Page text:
Why the Denver Nuggets are the Northwest’s sleeper team


Oct 29, 2014; Denver, CO, USA; Denver Nuggets guard Ty Lawson (3) brings the ball up the court against Detroit Pistons guard D.J. Augustin (14) during the first half at Pepsi Center. Mandatory Credit: Chris Humphreys-USA TODAY Sports

Why the Denver Nuggets are the Northwest Division sleeper

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Everything we’re hearing about the Denver Nuggets right now is that they have depth. And while it’s certainly good to have a lengthy and versatile roster in the NBA, it won’t exactly drive jersey sales.

When a team is said to have depth, it’s like a pretty girl calling you a “good friend.” In this regard, the Denver Nuggets have become the dorky rom-com buddy who’s always polite and punctual, but never gets his lenses fogged up. This can be advantageous though, because as we all know, the dorky friend always beats the popular jock in the end.

So just how will the Denver Nuggets stand up to the likes of the much cooler Thunder and Blazers? Well, with the very versatility that their strange and eclectic roster boasts. Coach Brian Shaw has said he wants to run and gun, but also be physical inside. While seemingly contradictory thoughts, I think I know what he means.

(It’s a confusing roster, so we should expect any ideas about how it will be utilized to be equally perplexing!)

The Nuggets will run because Ty Lawson will once again control the attack from the point, and that means sprinting up court with an eye for a quick score. Much of the shooting will often come from Lawson himself, who clearly isn’t afraid to play one-on-five. The impact of this approach wasn’t great last season, given that Denver only won 36 games last year. But Lawson also had few other options with all the injuries the squad suffered.

This year will be different as the full cast returns, not least of whom is Danilo Gallinari. The Italian forward is due for a strong campaign after missing all of 2013-14 with a busted up knee. With his rest, which presumably included bronzing in the Milan sun while throwing back a few glasses of Campari, I fully expect him to post better numbers than his recent averages of 16 points and five boards per game. Gallo is also a very large man and that tends to help on the defensive end.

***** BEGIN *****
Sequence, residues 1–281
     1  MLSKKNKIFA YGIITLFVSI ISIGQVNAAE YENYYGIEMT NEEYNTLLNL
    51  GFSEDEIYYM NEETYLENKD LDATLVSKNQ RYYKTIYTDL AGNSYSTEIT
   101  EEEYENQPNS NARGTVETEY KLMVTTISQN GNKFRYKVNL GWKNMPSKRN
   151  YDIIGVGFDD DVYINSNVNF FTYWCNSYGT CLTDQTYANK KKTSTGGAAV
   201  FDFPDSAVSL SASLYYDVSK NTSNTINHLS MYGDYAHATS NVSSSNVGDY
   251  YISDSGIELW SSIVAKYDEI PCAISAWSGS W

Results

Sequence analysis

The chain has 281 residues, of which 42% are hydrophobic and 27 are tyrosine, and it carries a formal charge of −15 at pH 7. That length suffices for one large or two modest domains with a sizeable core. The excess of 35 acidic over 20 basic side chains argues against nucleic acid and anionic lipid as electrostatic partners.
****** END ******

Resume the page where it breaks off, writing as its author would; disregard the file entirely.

Then there’s JaVale McGee, another big man with both freakish athletic ability and a wild personality. The general public haven’t been this on edge about such a hopping mad character since the Green Goblin. It took a super hero to tame that beast, so perhaps the closest thing on the Nuggets roster is the Manimal, Kenneth Faried, who can hopefully combine well with McGee to dominate opposing bigs.

But what excites me most about Denver, beyond drinking Coors Light in its rarified air, is the return of Arron Afflalo. He shoots a beautiful deep ball, his post up moves are solid, and he gets up the wing with the best at his opposition. Afflalo also has good size at the two, so I look forward to him challenging opponents on the defensive end and perhaps taking a step closer to being an All-Star.

Overall, the prospect of Lawson duking at the top of the key, and probing the interior for creases, suddenly seems more enticing with Afflalo curling off picks or sliding down to the corner to set for three. Throw in Gallinari’s jumpers, big men like McGee and Timofey Mozgov patrolling the middle – and yes, that deep bench – and I can see the Denver Nuggets approaching 45 wins.

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